He's not King Arthur, he's just a very silly boy and he's got company aplenty on this epic journey to Jestersville. On top of Britons claiming to be reincarnated Arthurs and Camelot theme parks, we now have more medieval magic with an added twist of ludicrous. This latest tilt at a medieval wizard and ermine romp is far too close to being Guinevere does Camelot.
Yes, it's ribald with a capital ridiculous. There's hearty swigging from pewter mugs, merry medieval maids exposing boobs and bums and prithee young gents unbuckling their codpieces at every conceivable turn. Prophesy: it will all end in hysterics.
While Arthurian legends are not just back - they absolutely refuse to go away and leave us alone - you'd be forgiven for thinking second time around the table things might look more promising at court for Arthur. Blonde Tamsin Egerton as the new Guinevere says this version of Camelot is for adult audiences and has a much bigger budget than Merlin.
However, it is nowhere near as cohesive, comprehensible, comic (not intentionally) or credible as Ten's hit series. Egerton is probably best known as Chelsea Parker in the St Trinian's films. There's been a bit of a medieval theme running through her career: she was cast in 2001 as the young Morgaine in The Mists of Avalon and the next year was in the children's TV show Sir Gadabout: The Worst Knight in the Land. She makes little of this fact. She makes more of her role.
"It was an amazing, all-encompassing six months in a very much male-orientated cast," says the 22-year-old former model.
"It was fun to go with the guys and learn how to horseride and discover all the Irish pubs together and do sword fights.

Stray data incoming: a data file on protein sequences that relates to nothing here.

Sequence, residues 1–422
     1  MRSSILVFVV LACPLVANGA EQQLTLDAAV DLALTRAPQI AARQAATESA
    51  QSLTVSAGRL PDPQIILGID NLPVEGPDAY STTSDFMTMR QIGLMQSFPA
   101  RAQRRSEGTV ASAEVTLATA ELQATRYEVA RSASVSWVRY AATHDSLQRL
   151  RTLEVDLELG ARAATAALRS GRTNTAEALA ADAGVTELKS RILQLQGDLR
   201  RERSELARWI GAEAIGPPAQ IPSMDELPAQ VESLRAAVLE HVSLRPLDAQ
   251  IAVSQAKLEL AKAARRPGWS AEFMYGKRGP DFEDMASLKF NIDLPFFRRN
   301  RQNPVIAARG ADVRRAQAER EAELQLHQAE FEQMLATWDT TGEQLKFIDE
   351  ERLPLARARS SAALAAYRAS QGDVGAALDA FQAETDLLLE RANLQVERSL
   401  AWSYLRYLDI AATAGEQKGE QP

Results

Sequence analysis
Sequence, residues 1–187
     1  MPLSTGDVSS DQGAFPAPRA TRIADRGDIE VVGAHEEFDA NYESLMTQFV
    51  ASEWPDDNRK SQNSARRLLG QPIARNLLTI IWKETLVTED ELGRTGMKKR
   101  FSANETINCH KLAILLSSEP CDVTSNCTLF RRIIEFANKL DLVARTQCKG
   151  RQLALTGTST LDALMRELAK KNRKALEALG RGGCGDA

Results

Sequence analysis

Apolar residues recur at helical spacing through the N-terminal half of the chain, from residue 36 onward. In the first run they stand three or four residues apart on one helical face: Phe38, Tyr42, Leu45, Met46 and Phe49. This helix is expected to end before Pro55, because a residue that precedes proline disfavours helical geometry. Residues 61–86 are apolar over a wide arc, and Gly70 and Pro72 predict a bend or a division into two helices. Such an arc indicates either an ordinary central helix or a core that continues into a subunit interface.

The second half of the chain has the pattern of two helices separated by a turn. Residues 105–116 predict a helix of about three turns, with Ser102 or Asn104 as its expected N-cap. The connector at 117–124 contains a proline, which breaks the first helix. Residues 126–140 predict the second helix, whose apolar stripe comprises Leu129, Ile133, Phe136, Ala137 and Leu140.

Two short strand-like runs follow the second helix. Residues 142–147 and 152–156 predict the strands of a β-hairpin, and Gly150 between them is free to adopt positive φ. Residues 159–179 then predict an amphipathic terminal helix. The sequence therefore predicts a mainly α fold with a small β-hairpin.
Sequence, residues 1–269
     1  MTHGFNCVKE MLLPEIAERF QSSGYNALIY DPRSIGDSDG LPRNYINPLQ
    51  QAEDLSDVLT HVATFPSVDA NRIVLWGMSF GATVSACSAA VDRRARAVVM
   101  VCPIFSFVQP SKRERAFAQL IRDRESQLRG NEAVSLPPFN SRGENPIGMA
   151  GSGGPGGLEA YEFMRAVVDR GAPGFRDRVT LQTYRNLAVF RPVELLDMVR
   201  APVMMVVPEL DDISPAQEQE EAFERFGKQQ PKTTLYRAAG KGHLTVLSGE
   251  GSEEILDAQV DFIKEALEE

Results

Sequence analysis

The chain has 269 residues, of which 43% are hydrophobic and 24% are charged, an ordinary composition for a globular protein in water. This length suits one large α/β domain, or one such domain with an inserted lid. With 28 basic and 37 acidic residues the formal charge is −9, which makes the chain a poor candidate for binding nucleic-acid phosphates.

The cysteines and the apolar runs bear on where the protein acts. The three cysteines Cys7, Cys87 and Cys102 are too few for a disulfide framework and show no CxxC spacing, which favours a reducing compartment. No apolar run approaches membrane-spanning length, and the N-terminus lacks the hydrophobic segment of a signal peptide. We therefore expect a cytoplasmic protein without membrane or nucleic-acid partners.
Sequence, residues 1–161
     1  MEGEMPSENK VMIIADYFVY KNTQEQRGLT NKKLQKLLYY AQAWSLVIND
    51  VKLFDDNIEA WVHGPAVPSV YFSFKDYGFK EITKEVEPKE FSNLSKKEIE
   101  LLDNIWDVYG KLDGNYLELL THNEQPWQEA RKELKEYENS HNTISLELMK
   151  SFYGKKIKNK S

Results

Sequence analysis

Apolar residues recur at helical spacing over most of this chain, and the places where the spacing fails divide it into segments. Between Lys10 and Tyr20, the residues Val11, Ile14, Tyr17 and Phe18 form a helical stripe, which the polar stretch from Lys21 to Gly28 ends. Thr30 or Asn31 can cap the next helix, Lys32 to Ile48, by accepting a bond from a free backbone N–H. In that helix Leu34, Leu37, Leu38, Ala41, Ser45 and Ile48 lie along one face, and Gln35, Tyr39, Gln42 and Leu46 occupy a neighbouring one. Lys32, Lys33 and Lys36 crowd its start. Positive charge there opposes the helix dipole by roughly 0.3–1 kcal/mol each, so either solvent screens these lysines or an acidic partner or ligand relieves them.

"There was a fantastic cast and playing Guinevere which was such an iconic role. It was a little girl dream part to play. I was living on cloud nine for the first six months." One of "the guys" she refers to is childhood friend since the age of eight, Jamie Campbell Bower, who has a lovely tousled blond look as Arthur. It made Egerton's fictional hens' night offering herself to him (in the surf no less) rather easier, she says.
Joseph Fiennes makes a very odd Merlin who plays nanny to his King Arthur and James Purefoy plays King Lot. These more heavyweight actors don't pack a big enough punch to make up for the confusion that reigns in this Camelot. Egerton has a reason for this.
"This is very much more real people making mistakes," she says. "Guinevere is the kind of girl on the verge of her adult life and she does make really big life mistakes.
"Then, of course, she has to deal with them. I love to think it makes her more vulnerable, more realistic and far more of a complex character. But it was very hard reading the scripts knowing where my character was going."
As for Egerton, she rather thinks all this galloping in velvet robes across Ireland has to come to an end - and not just because no one wants to see any more of it. "Hollywood," she says. "That's where I see myself."
"Guinevere is the kind of girl on the verge of her adult life and she does make really big life mistakes. Then, of course, she has to deal with them."
Camelot airs Sunday at 9.30pm on Nine/WIN.